Using just these two as an example, White Rice is has the texture of frozen butter, if that makes any sense -  solid, but it “melts” smoothly onto your fingertip or brush. (Which is a good thing, in case that wasn’t clear. I don’t think that was clear.) And then there’s Weekend Warrior. Completely unlike White Rice, it’s solid and dry, rather than solid and buttery, and it’s a pain in the arse to work with.

The verdict?

Skip on these, if you know what’s good for you. The shades are absolutely gorgeous, but are still very much not worth the hassle – there are a ton of other great (or even just “better”) cream formulas out there, and these just aren’t up to snuff.

I hate to give such a negative review for these, because FaceFront do some of the most unusual, breathtaking colours, but sometimes (read: right now), I feel like they should stick to powder products until they figure out the perfect creme formula.

Which they’ve yet to do.

Ingredients & more »

The poor girl’s NARS Outremer | FaceFront Tokyo Future shade comparisons

Thursday, January 19, 2012

Alright, so it’s a few days late, but here are a handful of Tokyo Future comparison swatches. I’ve been running about attending far more courses than is generally advisable in order to sort out my schedule, so I apologize for the artificial lighting – by the time I get home, the sun’s already set. (Incidentally, it is likely that this will continue for the remainder of the season. My pre-emptive apologies; looks like photo-taking is going to be reserved for the weekends!)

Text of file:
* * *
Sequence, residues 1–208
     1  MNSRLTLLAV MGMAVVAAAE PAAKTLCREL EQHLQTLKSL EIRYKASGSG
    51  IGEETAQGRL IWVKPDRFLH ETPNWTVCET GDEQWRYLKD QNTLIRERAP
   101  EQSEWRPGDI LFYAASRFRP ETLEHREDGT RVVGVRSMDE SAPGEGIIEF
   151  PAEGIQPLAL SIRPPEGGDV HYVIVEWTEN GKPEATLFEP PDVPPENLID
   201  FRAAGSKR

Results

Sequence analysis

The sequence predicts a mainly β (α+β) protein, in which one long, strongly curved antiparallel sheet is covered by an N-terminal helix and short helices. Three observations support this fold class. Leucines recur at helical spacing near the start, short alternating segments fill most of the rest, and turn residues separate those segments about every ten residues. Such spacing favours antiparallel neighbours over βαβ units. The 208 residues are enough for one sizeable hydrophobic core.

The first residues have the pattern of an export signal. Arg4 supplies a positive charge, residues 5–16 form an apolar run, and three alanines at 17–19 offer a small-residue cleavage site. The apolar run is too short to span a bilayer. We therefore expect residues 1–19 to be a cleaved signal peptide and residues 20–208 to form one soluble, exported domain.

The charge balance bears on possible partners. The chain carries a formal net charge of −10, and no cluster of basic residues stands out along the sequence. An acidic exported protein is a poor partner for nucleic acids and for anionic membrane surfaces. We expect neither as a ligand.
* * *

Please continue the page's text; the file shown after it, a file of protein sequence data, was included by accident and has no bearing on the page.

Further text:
From my stash, I found that Digital Dragon (the shade I unexpectedly fell a bit in love with) had the most dupes out of this bunch – nothing perfect, and nothing quite as densely molten-metal, but the Ellis Faas 303 Light would give the same effect. Something like Illamasqua Liquid Metal in Solstice might be close, too; if not in shade than at least pigment density and finish.

Secret Samurai reminded me a bit of ULTA Mystique and MAC Satin Taupe, but it’s a bit darker than the former and lighter than the latter. It also has quite a bit more red in the base – I thought it leaned just slightly red, but when compared to other taupes, the difference is more obvious. If you find taupes tend to lean too yellow on you, don’t miss this one.

I didn’t even bother looking for Lost in Nishitama dupes (maybe, like, MAC Spicy Smoke?), and the closest I had to the semi-matte Shallow Depth was Annabelle Lagoon – limited edition a while back, though, and not as much of an intense, straight-up blue. Shallow Depth is the low-budget NARS Outremer, in my head, though I do think the FaceFront pigment is more muted; darker. Perhaps more similar to something like Inglot #388?

Products featured in this post

(Click on the brand name to link to reviews/swatches on theNotice!)

More photos behind the cut »

FaceFront Tokyo Future Artistic Pigments

Friday, January 13, 2012

The product: FaceFront Tokyo Future Artistic Pigments

» Digital Dragon, Secret Samurai, Lost in Nishitama, and Shallow Depth.

I’m slowly amassing a frightful Artistic Pigment stash, and yet… I cannot find it in myself to care. (Does that make me a terrible minimalist? I’m pretty sure that makes me a terrible minimalist.)